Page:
[21 December 2006]
PopMatters Associate Music Editor
Jackie Mitoo is one the most pivotal, respected figures of the reggae era, both as a musician and as a producer and arranger. He was an original member of the seminal Jamaican ska group, the Skatalites, in the 1960s. In the latter part of the decade, he became the musical director and arranger at Coxsone Dodd’s Studio One, leading the legendary house bands the Soul Vendors and the Sound Dimension. He is generally credited with putting the musical muscle behind Dodd’s business and PR skills. To top it off, Mittoo is the preeminent keyboardist in reggae history. Amazingly, all of this was accomplished by the time Mittoo was 20 years old.
Wishbone is at the very least interesting because it highlights a much lesser known part of Mittoo’s career, and a sound that it is at least a couple degrees removed from the earthy ska and rocksteady over which he presided. In the late ‘60s, Mittoo left Studio One and decamped to Canada, where he pursued a solo career and became a prime mover in the nascent Canadian reggae scene. If you didn’t know such a scene even existed, you’re not the only one. 1971’s Wishbone holds the distinction of being the first true Canadian-produced reggae release, and yet this reissue marks its first appearance on CD.
If you’re expecting the crudely-yet-immaculately produced Studio One sound, you’re in for a shock. In Canada Mittoo hooked up with the short-lived Summus label and producer Carl DeHaney, also a native Jamaican. Crucially, Summus house producer / arranger Howard Cable added orchestrations from members of the Toronto Symphony. The influence of American R&B on reggae has been well-documented, and Mittoo was no exception. In fact, the slick, soulful sound of Wishbone is informed more by the likes of Booker T & the MG’s, the Bar-Kays, and Lou Rawls than anyone from Jamaica. The dozen songs, mostly uptempo instrumentals, feature a clean, crisp production full of bouncy basslines, occasional Jazzy guitar, island percussion, and Mittoo’s velvety Hammond organ intertwining with Cable’s lush strings and horns. The sound falls somewhere between rare groove and 1970s elevator music; think blaxploitation soundtrack without the wah-wahs and you’re more than halfway there. The term “reggae” does apply to a handful of tracks, but it’s a far more commercialized version than the one Mittoo is famous for.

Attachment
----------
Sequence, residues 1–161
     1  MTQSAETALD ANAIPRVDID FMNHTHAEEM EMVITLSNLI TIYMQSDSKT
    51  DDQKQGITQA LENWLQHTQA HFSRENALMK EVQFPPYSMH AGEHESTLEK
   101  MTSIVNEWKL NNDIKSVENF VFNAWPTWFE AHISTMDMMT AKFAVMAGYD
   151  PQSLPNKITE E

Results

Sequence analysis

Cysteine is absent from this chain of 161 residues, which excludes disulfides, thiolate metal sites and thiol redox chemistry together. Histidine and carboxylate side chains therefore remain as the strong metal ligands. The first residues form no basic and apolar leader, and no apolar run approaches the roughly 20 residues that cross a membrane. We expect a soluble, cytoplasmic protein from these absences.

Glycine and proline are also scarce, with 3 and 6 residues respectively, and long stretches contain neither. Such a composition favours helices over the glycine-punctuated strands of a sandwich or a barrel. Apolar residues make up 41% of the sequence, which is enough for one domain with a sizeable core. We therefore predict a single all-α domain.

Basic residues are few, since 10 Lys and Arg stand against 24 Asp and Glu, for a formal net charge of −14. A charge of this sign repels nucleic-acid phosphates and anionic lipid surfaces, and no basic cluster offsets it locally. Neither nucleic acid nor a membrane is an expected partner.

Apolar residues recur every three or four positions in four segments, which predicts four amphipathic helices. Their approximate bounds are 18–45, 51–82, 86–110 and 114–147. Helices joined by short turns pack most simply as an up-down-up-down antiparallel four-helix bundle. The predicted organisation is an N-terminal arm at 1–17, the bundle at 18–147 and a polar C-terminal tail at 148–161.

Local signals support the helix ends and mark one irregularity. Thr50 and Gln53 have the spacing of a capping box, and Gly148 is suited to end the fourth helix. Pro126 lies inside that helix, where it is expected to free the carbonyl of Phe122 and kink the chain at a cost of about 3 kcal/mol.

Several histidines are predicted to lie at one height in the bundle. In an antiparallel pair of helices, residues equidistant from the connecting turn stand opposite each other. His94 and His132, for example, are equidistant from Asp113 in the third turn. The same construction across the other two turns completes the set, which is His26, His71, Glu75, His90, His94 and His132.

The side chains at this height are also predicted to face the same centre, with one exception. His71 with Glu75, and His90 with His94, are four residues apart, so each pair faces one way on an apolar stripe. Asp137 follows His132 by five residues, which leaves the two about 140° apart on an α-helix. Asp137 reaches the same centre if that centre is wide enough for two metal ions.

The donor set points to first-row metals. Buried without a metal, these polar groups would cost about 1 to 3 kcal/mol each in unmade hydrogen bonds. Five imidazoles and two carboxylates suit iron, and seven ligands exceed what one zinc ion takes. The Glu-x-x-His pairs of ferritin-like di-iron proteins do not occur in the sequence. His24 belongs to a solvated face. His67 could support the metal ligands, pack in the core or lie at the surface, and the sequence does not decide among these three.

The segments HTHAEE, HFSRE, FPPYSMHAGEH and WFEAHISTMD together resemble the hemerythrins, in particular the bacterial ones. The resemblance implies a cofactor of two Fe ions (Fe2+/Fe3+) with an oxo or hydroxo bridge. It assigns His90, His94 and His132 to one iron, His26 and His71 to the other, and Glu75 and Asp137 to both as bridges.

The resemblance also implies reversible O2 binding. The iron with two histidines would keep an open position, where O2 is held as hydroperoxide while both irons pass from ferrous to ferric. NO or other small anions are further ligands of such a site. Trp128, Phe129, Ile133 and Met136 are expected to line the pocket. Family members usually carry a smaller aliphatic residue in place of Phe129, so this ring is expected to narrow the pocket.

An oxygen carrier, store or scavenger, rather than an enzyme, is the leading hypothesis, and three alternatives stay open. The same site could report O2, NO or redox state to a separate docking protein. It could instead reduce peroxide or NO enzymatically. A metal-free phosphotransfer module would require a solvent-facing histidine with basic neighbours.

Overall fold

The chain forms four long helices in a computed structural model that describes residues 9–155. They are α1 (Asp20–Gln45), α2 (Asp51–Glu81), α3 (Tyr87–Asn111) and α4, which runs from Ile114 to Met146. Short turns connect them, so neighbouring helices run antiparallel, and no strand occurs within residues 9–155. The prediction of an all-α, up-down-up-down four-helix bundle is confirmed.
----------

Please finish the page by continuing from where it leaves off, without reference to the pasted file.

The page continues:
If you can get over the initial jolt, Wishbone does offer some good grooves. “Groovy Spirit”, which bears more than a little resemblance to “Spooky”, lives up to its title. For the title track, issued as a single, Mittoo plays the vocal melody to the Beatles’ “Carry That Weight” on his Hammond and lays it atop a traditional ska rhythm—a sort of Booker T meets the Skatalites. “Dry Wine” is a funky rave-up supported by a strong melody. But the remainder of the instrumentals fail to pack the same punch, pleasant and effortless enough but hamstrung by Mittoo’s attempt to mix laid-back Jamaican music with kinetic soul.
Most interesting are the several tracks on which Mittoo sings. His deep croon is unpolished but undeniably earnest and pleasant—not unlike a rough-around-the-edges Rawls. In another sign of Mittoo’s wish to go mainstream, he sings without a trace of a Jamaican accent. The buoyant “Love Live” illustrates the synergy with which Mittoo clearly wanted to infuse the entire album. Featuring lines like “Life should make you happy / I’m sure you will agree” underscored by female backing singers and the album’s deepest reggae rhythm, it is the one true “lost gem” here. “Soul Bird” is a valiant attempt at straight-up, Stax style soul, but most of the vocal tracks fade into their surroundings in the same way the instrumentals do.
Wishbone was well worth exhuming from the vaults, and this nicely-packaged issue does a good job of it. Mittoo fanatics will no doubt be thrilled to have it; otherwise, it’s a curiosity that falls just short of “rare groove cult classic” status. That wasn’t what Mittoo was going for, anyway; he finally realized his commercial aspirations by working with British reggae-pop band UB40 on their 1983 mega-seller Labour of Love.